Let Me Call You Sweetheart
by Nancy Gideon
(Silhouette Intimate Moments 851, $4.25, G)
ISBN 0-373-07851-X
***
Let Me Call You Sweetheart is one of the most aptly titled books I have read in a long time. (But unfortunately, not very original.) If you are not a raving beauty and insist on judging people for reasons other than the packaging, then this book has values you will enjoy. You will also like the characters. And I admit the plot is clever. So why the three heart rating? For me, the book was uneven and, in places, difficult to read. Let me illustrate with the author's own words.

First the hero: "Zach Crandall with his icy blue eyes shooting lightening bolts of intensity. Zach with his John Travoltaseque strut, cigarette dangling from the corner of a cynically curled smile, attitude sneering, "I'm good for nothing but bad."

Now the heroine, age 17: "Homemade clothes of plain, unflattering cut, hair pulled back in a severe ponytail, no make up, no trace of teenage vivaciousness, she had more in common with her peer's parents than the schoolmates who'd overlooked her."

Personally, sentences like these left me rather out of breath and suffering from data overload. Rest assured, the book is not all this way. This wordy style is often used in the narrative, but the dialogue style is much different snappy and enjoyable.

Seventeen years ago, Zach was suffering from the effects of having a drunken physically abusive father. The small town had judged his family harshly as trash, and he was treated accordingly and this same small town sat back and merely observed the effects of the physical abuse inflicted on Zach, his siblings and mother.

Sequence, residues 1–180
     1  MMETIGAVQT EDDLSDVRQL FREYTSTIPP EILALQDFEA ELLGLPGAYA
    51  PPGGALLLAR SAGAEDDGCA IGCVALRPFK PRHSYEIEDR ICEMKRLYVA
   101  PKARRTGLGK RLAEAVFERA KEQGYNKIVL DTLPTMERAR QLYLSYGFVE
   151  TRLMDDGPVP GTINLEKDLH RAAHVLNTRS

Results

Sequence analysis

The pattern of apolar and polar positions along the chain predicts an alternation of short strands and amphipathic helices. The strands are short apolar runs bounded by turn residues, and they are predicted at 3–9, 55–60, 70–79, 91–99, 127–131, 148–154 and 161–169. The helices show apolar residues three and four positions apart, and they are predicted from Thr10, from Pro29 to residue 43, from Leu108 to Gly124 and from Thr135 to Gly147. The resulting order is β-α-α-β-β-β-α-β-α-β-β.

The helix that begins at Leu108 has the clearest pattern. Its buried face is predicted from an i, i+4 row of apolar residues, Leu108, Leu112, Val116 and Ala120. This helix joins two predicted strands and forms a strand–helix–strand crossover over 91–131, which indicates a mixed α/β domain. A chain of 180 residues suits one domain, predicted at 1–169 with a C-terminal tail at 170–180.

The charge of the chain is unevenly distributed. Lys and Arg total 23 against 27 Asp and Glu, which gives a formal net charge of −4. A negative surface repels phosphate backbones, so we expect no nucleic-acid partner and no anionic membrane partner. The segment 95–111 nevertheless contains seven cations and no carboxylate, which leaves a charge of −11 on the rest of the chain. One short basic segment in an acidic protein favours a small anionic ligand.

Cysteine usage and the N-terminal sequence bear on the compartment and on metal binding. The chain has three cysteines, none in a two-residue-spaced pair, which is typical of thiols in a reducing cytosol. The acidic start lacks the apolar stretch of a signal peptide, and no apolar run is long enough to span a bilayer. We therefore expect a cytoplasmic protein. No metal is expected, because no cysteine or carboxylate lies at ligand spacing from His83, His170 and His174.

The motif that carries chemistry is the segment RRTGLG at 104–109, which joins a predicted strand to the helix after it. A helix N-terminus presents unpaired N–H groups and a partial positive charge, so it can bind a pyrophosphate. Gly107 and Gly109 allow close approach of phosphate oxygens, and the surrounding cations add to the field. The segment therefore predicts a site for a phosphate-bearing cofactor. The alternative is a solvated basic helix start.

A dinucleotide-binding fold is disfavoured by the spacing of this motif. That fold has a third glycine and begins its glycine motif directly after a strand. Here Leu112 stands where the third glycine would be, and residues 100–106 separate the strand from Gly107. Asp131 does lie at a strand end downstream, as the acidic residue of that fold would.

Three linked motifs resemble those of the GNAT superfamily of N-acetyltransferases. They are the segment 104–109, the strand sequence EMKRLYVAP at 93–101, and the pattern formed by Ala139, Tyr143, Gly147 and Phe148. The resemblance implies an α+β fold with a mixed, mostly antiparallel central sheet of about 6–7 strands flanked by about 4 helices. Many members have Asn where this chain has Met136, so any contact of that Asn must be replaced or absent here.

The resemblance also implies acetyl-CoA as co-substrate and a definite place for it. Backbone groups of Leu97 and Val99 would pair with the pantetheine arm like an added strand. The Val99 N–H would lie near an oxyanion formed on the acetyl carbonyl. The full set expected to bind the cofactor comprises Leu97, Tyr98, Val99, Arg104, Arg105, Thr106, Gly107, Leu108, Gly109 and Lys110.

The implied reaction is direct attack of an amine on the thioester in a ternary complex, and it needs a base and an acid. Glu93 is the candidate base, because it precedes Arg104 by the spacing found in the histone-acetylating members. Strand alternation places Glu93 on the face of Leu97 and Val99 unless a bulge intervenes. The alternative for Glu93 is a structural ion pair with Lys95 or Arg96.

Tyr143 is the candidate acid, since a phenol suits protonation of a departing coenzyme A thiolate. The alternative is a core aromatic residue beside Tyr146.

After one final fight with his father, Zach realized he had to leave. Bess had been his tutor, his friend, and his sweetheart. He stopped by her house to beg her to leave with him. They spent the night together, but Bess refused to leave with him, electing instead to stay and finish high school.

That night Zach's father was murdered; Zach's mother confessed to the crime, was tried and sentenced. The town assumed Zach had killed his father, and that his mother was taking the blame.

The book opens the weekend before Zach's mother is being released from the penitentiary because of a heart problem. Zach returns to town for the first time in 17 years and discovers Bess is still about the only person in town who will talk to him. Bess runs the family bookstore and has not dated since he left. Zach discovers her sole interest is Faith, a niece who is spending the summer with her.

This is the framework within which the author works: Let Me Call You Sweetheart is not about the road to redemption but the path to gain a town's respect. Having grown up in a small town I can certainly vouch for the fact that the author is dead-on in the characterization of people's reactions.

It is worth fighting past the excess verbiage to become involved in this intriguing story.

--Thea Davis


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